A week after announcing a series of drastic cost-cutting measures due to the COVID-19 pandemic, Airbnb CEO Brian Chesky revealed the company clenched $1 billion in Series G debt and equity funding from Silver Lake and Sixth Street Partners.
This is Airbnb’s second-largest funding round, and brings the company’s total funding amount to $5.4 billion since 2008, with a $26 billion pre-money valuation.
“First off, I want to thank Silver Lake and Sixth Street for their incredible partnership and support,” Chesky said in a written statement. “They have a well-earned track record for being insightful thought partners who always have a strong sense of where the world is going.”
“The desire to explore, connect, have new experiences, and have a comfortable place to call home are universal and enduring,” he added. “And our commitment to create a greater sense of belonging—for everyone, everywhere—will never change.”
The $1 billion will be used for the recruitment and retention of hosts, the of launch longer-term stay options geared toward students and professionals, and the expansion of its Airbnb Experiences program that enables locals to provide immersive excursions for Airbnb guests.
Lastly, $5 million will go to the company’s Superhost Relief Fund that provides up to $5,000 in grants for superhosts that rely on Airbnb as a main source of income and have lost a “significant percentage” of their income due to cancellations.
Despite economists’ bleak outlook for the travel and hospitality industry, Silver Lake and Sixth Street doubled-down on its decision to invest in Airbnb, noting the founders’ feat of building a lucrative and innovative business in the midst of the Great Recession in 2008.
“Airbnb’s revolutionary platform has transformed how people travel, unlocking one-of-a-kind stays and experiences at scale,” said Silver Lake Co-CEO and Managing Partner Egon Durban in a written statement. “This was made possible by Brian, Joe [Gebbia] and Nate [Blecharczyk]’s inspired leadership and care for both their guest and host community.”
“While the current environment is clearly a difficult one for the hospitality industry, the desire to travel and have authentic experiences is fundamental and enduring,” Durban added. “Airbnb’s diverse, global, and resilient business model is particularly well suited to prosper as the world inevitably recovers and we all get back out to experience it.”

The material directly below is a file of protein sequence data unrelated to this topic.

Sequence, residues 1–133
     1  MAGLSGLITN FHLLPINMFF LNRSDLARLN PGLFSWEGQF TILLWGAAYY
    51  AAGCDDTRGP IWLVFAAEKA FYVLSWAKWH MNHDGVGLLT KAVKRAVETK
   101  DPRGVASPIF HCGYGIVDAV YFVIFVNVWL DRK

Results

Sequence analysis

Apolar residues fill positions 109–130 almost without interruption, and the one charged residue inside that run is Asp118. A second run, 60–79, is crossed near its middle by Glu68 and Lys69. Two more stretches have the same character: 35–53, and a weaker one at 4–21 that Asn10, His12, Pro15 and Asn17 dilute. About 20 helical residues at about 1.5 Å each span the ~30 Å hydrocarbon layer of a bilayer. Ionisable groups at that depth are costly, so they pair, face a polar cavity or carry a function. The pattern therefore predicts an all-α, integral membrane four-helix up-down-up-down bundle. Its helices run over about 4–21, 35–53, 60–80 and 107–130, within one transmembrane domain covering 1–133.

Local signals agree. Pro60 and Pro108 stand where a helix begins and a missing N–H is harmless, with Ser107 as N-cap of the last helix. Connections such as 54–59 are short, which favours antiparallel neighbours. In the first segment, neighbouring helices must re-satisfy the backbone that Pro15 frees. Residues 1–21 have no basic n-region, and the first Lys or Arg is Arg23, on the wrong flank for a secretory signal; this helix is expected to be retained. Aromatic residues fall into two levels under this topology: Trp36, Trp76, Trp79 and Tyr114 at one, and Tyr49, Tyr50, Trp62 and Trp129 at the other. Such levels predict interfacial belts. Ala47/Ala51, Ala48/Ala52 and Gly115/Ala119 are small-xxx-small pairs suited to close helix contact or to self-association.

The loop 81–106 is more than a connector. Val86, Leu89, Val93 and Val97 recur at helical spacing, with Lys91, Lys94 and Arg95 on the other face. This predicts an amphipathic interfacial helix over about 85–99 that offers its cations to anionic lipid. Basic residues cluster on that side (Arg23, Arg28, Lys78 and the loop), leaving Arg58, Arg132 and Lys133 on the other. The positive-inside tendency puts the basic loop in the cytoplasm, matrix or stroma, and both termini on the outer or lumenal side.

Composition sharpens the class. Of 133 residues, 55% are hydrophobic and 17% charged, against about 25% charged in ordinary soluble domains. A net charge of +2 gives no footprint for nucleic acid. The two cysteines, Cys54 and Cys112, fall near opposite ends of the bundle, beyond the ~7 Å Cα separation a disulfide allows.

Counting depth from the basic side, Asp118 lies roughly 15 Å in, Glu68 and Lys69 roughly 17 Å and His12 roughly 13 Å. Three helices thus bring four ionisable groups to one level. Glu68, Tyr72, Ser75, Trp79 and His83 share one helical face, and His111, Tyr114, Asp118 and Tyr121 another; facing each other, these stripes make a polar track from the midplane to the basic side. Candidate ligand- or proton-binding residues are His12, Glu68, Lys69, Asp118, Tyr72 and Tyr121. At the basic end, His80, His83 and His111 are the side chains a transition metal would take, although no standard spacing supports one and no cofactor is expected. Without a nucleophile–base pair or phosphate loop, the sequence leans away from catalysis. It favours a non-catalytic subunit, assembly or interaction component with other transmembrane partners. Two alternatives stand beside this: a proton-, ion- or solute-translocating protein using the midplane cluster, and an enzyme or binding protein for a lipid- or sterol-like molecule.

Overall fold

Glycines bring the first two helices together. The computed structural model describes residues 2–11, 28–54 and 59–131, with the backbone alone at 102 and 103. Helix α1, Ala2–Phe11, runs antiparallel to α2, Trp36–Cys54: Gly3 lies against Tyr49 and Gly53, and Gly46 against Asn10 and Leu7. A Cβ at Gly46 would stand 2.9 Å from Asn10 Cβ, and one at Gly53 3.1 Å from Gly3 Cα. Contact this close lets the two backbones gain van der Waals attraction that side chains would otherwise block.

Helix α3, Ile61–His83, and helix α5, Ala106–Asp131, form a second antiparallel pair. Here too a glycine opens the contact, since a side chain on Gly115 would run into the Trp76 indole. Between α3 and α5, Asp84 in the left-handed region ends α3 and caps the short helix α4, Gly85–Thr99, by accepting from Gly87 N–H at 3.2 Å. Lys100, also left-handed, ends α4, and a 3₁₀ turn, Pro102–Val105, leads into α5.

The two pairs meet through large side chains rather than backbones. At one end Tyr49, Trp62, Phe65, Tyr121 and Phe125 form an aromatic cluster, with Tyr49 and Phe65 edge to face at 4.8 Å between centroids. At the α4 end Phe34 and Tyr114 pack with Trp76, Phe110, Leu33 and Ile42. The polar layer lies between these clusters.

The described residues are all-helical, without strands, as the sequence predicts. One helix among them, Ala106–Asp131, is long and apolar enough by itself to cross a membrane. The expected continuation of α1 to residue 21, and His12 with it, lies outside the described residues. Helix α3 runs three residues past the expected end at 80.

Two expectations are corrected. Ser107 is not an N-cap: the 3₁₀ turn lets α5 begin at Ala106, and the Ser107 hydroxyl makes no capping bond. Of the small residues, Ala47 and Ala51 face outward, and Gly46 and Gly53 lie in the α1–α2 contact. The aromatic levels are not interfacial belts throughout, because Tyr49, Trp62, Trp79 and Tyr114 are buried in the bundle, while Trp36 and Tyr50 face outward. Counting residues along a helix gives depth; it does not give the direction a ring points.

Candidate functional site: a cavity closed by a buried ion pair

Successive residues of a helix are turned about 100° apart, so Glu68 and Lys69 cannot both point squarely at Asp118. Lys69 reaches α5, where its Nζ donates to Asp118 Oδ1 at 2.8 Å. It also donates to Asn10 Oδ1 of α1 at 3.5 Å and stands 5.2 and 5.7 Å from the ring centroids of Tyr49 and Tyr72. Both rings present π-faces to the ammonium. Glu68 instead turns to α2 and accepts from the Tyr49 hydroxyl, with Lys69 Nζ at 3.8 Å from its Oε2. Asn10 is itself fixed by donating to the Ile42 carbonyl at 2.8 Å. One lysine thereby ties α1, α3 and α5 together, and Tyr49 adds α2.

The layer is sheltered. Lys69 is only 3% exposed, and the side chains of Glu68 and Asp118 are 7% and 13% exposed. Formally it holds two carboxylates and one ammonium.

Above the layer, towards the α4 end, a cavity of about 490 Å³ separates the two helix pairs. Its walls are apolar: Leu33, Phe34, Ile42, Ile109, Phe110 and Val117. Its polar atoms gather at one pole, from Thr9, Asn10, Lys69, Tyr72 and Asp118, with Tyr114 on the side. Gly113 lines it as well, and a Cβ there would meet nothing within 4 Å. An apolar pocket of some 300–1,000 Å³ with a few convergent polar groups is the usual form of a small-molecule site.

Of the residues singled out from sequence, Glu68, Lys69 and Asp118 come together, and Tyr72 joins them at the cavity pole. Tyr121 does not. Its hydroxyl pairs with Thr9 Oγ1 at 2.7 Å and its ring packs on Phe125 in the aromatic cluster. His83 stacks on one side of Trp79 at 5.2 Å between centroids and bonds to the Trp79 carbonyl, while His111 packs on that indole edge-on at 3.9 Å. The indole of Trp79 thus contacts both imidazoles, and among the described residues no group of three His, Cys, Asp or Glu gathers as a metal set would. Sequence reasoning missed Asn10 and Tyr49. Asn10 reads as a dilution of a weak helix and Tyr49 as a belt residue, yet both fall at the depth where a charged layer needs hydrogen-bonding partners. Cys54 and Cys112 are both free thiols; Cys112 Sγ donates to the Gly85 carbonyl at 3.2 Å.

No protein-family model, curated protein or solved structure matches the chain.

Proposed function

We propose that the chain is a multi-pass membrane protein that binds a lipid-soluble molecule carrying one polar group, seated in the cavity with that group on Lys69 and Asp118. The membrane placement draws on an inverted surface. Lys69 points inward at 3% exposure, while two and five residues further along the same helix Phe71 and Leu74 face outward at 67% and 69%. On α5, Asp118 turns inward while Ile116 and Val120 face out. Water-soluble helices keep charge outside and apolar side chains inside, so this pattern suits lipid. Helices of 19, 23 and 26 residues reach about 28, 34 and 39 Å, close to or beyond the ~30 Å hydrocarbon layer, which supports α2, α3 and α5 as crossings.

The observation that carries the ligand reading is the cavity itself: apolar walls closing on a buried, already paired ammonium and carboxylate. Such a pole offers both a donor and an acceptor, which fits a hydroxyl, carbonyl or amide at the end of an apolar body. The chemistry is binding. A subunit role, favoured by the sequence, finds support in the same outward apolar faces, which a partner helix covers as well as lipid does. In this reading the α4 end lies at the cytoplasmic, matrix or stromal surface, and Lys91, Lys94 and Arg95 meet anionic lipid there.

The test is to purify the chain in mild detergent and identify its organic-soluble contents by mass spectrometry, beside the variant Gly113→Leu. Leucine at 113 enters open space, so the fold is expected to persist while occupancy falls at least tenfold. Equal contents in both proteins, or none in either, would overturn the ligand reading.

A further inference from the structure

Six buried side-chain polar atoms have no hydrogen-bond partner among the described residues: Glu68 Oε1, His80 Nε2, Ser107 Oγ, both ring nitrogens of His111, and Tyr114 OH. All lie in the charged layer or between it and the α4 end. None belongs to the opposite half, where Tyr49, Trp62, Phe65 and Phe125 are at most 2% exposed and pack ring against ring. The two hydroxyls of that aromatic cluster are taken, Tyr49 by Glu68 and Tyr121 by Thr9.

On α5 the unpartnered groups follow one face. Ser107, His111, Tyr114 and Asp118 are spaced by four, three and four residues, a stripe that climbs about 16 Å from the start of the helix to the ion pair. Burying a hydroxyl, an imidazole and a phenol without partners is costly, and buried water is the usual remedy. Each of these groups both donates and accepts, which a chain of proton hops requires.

Last week, Airbnb’s funding round was no more than a rumor spread by early Airbnb investor Ron Conway in an interview with CNBC.
“Those investors are calling me saying, I hope Airbnb is raising right now because if they are, I want a seat at the table,” Conway told CNBC on March 30. “A lot of them are ones that went through the dotcom crash with me back in 1999 and 2000.”
“They’re the same people who were very wise and invested in companies like Google, Amazon and Apple,” he added. “They’re saying, coming out of this downturn, it’s going to be companies like Airbnb that will be huge huge market performers.”
Although a $1 billion funding round seems to signal that a 2020 initial public offering (IPO) deadline is back on the table, Bloomberg and other business publications say it’s still unlikely as the company has yet to become consistently profitable.
“Given new debt and likely deep losses until the market improves, I would be surprised if the company completes an IPO this year,” PitchBook analyst Paul Condra told Bloomberg.
“Even before the pandemic, Airbnb wasn’t consistently turning a profit,” the article continued. “In the fourth quarter of last year, the company reported a loss of $276 million excluding interest, taxes, depreciation and amortization. That’s compared with a loss of $144 million a year earlier. Revenue increased 32 percent in the fourth quarter of 2019 to $1.1 billion.”